Who can file for bankruptcy?
Under the United States Bankruptcy Code, almost anyone can file for bankruptcy. There are a few exceptions, and your specific case may limit you to a specific chapter you can file under, which is why it is important you speak with an attorney.
What will happen to my credit?
Depending on the chapter that you file under, your credit score will reflect the bankruptcy for a few years. After you file though, you can begin to rebuild your credit almost immediately. An attorney from our team can help you understand your specific credit situation.
Does my spouse have to file with me?
No. If you and your spouse wish to file for bankruptcy separately, you may; however, there are some situations for which joint filing may yield better results than single-filing status. You and your attorney can discuss your options.
Will all of my debts be erased?
The vast majority of debts are erased (discharged). There are certain debts that are not discharged, however. The most common types of nondischargeable debt are student loans, some taxes, court ordered support payments, and court fines.
Can I file for bankruptcy more than once?
Filing for bankruptcy more than once is possible, but it is best to avoid doing so. Depending on the chapter you filed under originally and the chapter that you wish to file under now, your requirements may vary. Typically, you have to wait at least eight years after you file for Chapter 7 bankruptcy and at least two years after Chapter 13 bankruptcy to re-file.
How do I know if bankruptcy is right for me?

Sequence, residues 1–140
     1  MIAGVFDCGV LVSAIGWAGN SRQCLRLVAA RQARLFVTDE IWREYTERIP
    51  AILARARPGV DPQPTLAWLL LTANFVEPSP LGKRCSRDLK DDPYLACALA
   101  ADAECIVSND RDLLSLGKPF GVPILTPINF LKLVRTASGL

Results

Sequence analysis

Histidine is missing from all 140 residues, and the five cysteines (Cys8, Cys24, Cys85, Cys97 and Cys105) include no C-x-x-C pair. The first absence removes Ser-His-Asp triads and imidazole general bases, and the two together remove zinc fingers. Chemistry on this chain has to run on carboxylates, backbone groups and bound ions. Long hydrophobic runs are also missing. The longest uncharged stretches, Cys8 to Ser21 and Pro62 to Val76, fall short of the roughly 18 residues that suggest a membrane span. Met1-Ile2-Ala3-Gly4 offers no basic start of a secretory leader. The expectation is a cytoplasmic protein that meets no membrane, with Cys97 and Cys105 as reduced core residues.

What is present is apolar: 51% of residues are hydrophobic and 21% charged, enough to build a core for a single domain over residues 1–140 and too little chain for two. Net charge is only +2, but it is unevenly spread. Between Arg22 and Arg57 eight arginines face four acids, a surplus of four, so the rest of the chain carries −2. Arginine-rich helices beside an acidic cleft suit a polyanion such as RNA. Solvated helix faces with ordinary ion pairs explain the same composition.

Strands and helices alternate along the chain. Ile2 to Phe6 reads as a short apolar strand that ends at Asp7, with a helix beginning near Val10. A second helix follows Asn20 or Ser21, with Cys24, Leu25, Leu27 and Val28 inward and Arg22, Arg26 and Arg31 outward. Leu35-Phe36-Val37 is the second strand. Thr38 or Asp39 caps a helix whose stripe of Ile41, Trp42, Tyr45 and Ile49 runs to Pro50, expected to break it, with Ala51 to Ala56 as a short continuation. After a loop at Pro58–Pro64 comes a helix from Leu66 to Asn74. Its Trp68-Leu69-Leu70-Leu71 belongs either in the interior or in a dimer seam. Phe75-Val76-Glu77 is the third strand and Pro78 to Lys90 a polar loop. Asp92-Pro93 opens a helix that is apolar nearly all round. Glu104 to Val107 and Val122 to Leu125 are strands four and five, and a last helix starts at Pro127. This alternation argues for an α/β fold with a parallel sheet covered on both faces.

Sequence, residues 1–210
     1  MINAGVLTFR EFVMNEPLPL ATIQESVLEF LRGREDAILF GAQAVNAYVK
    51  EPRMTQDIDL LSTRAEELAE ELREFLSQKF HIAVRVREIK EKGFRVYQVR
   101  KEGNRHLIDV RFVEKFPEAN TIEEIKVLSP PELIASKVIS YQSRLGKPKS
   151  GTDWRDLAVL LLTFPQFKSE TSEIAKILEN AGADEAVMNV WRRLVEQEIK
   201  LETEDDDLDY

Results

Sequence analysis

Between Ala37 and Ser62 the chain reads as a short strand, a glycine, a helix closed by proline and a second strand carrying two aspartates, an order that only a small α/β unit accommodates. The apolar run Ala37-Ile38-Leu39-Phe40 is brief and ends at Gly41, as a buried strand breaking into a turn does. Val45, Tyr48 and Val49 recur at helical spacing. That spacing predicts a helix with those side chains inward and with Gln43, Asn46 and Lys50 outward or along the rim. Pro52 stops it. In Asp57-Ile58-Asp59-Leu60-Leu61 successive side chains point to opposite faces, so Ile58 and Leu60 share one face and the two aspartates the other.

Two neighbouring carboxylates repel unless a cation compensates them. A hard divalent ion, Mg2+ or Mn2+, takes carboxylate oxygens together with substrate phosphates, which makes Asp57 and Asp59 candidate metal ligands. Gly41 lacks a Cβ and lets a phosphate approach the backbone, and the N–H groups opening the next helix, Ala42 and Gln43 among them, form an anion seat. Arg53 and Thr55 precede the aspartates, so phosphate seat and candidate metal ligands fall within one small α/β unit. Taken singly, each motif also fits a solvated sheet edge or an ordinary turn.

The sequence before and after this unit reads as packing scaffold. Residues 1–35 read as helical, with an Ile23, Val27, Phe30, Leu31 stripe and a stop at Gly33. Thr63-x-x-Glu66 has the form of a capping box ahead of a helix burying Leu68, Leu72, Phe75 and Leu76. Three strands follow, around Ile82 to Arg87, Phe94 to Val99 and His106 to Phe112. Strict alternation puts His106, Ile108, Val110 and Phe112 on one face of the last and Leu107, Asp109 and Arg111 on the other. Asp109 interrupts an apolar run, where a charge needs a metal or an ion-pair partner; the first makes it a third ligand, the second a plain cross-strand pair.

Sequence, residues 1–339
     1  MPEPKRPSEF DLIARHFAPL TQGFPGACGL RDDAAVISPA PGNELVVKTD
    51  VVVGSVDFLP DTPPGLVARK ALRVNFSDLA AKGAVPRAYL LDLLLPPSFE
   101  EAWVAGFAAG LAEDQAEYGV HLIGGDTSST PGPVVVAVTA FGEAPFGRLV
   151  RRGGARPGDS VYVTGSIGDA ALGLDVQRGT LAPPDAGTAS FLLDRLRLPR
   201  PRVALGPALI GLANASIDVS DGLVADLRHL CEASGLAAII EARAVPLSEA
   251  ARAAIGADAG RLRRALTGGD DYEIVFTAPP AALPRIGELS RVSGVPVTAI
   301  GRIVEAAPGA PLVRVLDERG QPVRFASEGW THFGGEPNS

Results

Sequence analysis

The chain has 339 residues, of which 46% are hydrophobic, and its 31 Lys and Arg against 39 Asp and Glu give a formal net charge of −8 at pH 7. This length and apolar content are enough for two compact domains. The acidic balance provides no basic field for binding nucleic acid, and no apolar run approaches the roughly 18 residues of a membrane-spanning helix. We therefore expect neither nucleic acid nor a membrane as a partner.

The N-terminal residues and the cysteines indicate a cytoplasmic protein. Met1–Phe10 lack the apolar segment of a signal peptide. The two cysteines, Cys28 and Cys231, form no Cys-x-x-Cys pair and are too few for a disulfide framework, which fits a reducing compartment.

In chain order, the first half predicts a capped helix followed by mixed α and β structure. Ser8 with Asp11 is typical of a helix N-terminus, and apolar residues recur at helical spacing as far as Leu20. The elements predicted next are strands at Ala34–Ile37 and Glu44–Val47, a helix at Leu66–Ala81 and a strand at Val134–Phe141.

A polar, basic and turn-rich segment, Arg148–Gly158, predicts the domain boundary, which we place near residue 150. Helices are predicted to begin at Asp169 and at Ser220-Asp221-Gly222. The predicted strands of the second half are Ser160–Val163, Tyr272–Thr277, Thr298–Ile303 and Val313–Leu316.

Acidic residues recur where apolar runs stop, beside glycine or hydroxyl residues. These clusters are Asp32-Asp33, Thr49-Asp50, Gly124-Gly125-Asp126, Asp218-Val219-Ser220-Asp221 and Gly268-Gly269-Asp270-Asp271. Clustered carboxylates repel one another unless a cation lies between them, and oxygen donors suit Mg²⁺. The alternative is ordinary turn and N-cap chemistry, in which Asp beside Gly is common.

If you are burdened by debt that is quickly adding up, bankruptcy may be a good option for you. Most individuals who file are no longer able to make even minimal payments against their debt and are in desperate need of assistance. An attorney from our team can help determine if you are eligible.
Can I protect my home and personal property in bankruptcy?
If you owe a large amount of debt, you may still possess the right to protect important assets, including your home, personal property, and money in bank accounts. Property that can be protected is called "exempt property," which means that you will not lose property in your bankruptcy if the total property value is less than the exemption amount. Many clients do not lose their assets.
Will bankruptcy stop a foreclosure?
Bankruptcy can stop foreclosure. In a Chapter 13 repayment plan, you can keep your home by paying your arrears in full through a plan payment. In a Chapter 7, the automatic stay will temporarily prevent foreclosure, providing you with time to catch up on your mortgage payments. If you are at risk of losing your home, bankruptcy may be a powerful solution which can prevent that devastating effect of debt.
Can I keep my car?
Providing that you are current on the car payments and the vehicle is insured, we can list your intention as "reaffirm," and you will continue to make your regular monthly payments. Doing so may allow you to keep possession of the vehicle. If you wish to surrender the vehicle because you are not able to afford the payments, this can be accomplished through bankruptcy. Through this process, your car loan lender will retain possession of the vehicle, but you will not be liable for any deficiency.
The information on this website is for general information purposes only. Nothing on this site should be taken as legal advice for any individual case or situation. This information is not intended to create, and receipt or viewing does not constitute, an attorney-client relationship.
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